Ireland's finest do battle for coveted prize
The winners of the Eason Book Club Novel of the Year annually reflect the best of Irish writing. This year's shortlist is no exception
The Bord Gais Energy Irish Book Awards has become the literary event of the year and Wednesday is this year's big night out for authors, publishers and readers alike. What started out small, as The Irish Book Awards with just three categories, has grown into a kind of Oscars for Irish books, where, unlike other prestigious book awards, the reading public gets to vote.
Probably the most coveted prize is the Eason Book Club Novel of the Year. A list of previous winners reads like a roll-call of the very best of Irish writers. John Banville has won twice, in 2006 and 2012 with The Sea and Ancient Light respectively, while Anne Enright won with The Gathering in 2008 and again last year with The Green Road. This year sees Emma Donoghue on the shortlist again, having won the award in 2010 for Room, which later became the Oscar-winning film.
Here is this year's shortlist:
All We Shall Know, - Donal Ryan: Melody Shee, a schoolteacher in a loveless and childless marriage, discovers that she's pregnant, but not by her husband. The baby's father is Martin Toppy, a student of Melody's, and a Traveller, just 19 years old. This is a novel about prejudice and violence, about the inherent hypocrisy within smalltown piousness, and about the terrible consequences of perceived betrayal.
The Irish Independent's Ruth Gilligan wrote that this is "undoubtedly Ryan's strongest work to date. His lightness of touch has been honed to such a degree that a rich, layered portrait of Melody and her world is conjured through the simplest of vignettes."
Days Without End, - Sebastian Barry: Thomas McNulty, aged just 17, survives his voyage across the Atlantic during the Great Famine. He meets John Cole and together they form a kind of drag queen show. They later join the army, fighting mostly Indians in the quest to conquer the lands of California and the surrounding states. Both brutally violent and intensely poetic, this book has wooed the critics. The Guardian's Alex Clarke wrote: "Days Without End is a work of staggering openness; its startlingly beautiful sentences are so capacious that they are hard to leave behind, its narrative so propulsive that you must move on."
Solar Bones, - Mike McCormack: Marcus Conway, deceased, finds himself back home in his kitchen, reflecting on how he got there, and on how he was taken away. Part fantasy, part family and social commentary, wholly admired by virtually everyone, it is McCormack's first novel since 2007.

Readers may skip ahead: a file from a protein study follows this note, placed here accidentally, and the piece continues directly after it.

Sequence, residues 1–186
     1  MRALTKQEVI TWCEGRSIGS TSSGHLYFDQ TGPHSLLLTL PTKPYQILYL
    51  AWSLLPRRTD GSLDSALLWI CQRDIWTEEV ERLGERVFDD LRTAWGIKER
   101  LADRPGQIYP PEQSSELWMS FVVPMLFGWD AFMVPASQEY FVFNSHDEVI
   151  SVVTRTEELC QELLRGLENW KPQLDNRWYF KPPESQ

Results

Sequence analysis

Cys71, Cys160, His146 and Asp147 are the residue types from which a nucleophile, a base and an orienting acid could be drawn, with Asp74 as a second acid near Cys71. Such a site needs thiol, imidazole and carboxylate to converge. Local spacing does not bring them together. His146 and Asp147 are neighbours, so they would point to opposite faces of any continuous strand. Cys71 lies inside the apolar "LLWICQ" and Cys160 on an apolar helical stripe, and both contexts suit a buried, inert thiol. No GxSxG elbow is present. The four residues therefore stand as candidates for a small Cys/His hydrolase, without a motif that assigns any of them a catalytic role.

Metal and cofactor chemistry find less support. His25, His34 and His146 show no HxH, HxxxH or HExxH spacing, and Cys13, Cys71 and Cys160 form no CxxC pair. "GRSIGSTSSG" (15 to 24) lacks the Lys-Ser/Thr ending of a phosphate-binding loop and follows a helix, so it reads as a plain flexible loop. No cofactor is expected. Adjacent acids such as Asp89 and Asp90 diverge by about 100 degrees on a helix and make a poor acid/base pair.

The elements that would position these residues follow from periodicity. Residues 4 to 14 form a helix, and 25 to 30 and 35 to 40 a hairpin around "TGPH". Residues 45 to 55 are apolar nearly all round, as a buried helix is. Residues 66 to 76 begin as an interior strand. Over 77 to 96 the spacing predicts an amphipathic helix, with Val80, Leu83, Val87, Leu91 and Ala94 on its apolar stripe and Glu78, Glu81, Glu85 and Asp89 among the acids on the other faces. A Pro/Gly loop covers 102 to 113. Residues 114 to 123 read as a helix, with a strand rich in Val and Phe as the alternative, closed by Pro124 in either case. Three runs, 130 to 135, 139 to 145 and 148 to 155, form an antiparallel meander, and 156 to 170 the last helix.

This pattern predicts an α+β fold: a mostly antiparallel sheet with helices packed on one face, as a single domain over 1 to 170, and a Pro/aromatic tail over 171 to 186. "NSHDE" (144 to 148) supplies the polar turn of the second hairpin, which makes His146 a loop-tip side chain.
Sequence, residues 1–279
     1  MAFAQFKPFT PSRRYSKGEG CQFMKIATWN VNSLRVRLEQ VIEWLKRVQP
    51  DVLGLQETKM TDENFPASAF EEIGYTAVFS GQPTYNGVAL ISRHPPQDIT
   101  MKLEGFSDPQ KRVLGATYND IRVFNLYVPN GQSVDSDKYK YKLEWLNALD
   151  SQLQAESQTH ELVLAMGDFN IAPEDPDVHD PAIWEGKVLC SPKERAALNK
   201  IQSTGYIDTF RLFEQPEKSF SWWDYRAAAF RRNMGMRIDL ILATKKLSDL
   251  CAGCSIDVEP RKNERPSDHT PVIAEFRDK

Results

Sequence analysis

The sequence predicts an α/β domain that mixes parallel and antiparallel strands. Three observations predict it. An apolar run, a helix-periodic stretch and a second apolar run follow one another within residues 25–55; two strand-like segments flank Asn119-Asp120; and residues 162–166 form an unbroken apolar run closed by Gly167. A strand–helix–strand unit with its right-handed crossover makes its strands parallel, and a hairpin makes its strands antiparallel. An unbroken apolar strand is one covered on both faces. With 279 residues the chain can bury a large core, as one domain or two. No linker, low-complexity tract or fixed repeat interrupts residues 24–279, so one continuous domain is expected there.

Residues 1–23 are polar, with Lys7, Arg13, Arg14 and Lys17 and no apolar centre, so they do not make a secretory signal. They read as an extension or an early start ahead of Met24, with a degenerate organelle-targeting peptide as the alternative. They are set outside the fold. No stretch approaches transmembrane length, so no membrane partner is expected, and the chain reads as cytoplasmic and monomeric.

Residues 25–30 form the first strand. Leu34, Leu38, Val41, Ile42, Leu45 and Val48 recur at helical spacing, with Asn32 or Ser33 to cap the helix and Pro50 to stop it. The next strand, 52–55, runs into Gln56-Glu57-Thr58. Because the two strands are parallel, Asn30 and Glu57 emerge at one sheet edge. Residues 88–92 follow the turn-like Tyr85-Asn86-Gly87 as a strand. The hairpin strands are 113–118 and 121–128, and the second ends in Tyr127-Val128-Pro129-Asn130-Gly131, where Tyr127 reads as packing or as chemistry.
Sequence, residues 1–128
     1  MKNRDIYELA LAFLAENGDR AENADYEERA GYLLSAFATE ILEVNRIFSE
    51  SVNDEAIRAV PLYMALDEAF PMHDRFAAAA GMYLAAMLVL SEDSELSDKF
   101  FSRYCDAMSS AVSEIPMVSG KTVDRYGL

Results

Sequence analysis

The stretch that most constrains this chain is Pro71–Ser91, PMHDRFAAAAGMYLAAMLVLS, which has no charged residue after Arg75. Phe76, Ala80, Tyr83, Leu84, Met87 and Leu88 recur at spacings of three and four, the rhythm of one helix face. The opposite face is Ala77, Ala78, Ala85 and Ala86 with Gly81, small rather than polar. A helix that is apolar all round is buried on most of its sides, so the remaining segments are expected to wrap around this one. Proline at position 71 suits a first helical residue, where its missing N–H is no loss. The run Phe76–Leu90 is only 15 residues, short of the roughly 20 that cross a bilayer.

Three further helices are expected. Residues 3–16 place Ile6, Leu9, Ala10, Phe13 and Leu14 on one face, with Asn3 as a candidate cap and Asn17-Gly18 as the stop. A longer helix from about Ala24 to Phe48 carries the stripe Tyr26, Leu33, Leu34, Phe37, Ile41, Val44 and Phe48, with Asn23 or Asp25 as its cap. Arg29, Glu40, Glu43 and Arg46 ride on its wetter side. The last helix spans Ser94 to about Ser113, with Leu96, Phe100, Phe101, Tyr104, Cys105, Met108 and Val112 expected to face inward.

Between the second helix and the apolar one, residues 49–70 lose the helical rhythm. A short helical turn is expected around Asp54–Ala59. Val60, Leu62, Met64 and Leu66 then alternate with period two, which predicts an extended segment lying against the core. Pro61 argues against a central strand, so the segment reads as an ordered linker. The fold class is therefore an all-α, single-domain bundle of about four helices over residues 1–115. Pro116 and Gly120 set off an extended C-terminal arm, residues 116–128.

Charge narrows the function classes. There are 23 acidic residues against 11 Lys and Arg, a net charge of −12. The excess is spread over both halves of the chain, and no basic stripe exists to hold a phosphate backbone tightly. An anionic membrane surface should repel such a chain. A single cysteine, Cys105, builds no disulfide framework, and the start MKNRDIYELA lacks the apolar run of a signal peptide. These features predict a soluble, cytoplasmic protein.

As John Boland wrote in his Irish Independent review ". . . there are two novels going on here . . . one of them quite traditional in its portrait of a good man trying to do his honourable best for his family and for the local people . . . and one of them pondering the futility of all such human interactions in a meaningless universe".
The Lesser Bohemians, - Eimear McBride: Eimear McBride's first novel A Girl is a Half-Formed Thing won several awards, including the Bailey's prize. Her second novel may share the same destiny. A young Irish drama student in London embarks on a traumatic relationship with an older actor.
This is a superior, if rather disturbing, love story. JP O'Malley, in his review of Bohemians for this newspaper, wrote: "McBride is a daring writer who is not afraid to mess with language, displaying its malleability, randomness and irregular rhythms in equal measure. Words and phrases often go back to front and scenes are pieced together almost like an impressionist painting through fragments, hazy images and a blur of uncertainty."
The Wonder - Emma Donoghue: English nurse Lib Wright is sent to Ireland in the 1850s to investigate how Anna O'Donnell, an 11-year-old girl who has been fasting for four months, is still alive and seemingly healthy. Is this a miracle?
Lib Wright, who has nursed in Crimea, is sceptical. And as Anna's health begins to deteriorate, Lib becomes desperate to save her life. Stephen King, reviewing for the The New York Times, wrote that The Wonder reminded him of Somerset Maugham's The Razor's Edge "…only turned inside out. Maugham's book is about the power of spirituality to heal. Donoghue has written, with crackling intensity, about its power to destroy".
This Must Be The Place, - Maggie O'Farrell: Daniel Sullivan is an American living in Donegal with his ex-film-star wife and their two children.
Claudette, his wife, is passionate about keeping unwanted visitors at bay - with a gun if necessary. Daniel has other children whom he never sees, from a previous marriage in California. He also has a father, whom he hates, in Brooklyn. The fractured pasts of both Daniel and Claudette threaten to destroy their present.
In a Telegraph interview, O'Farrell said: "Years ago I was in a cafe and a very famous actress walked in. Everyone was staring, taking photos and the paparazzi turned up. Later I saw her in the toilet with her head against a mirror and her eyes closed. I just thought, 'If I was her I'd probably fake my own death' - the idea that became This Must be the Place."
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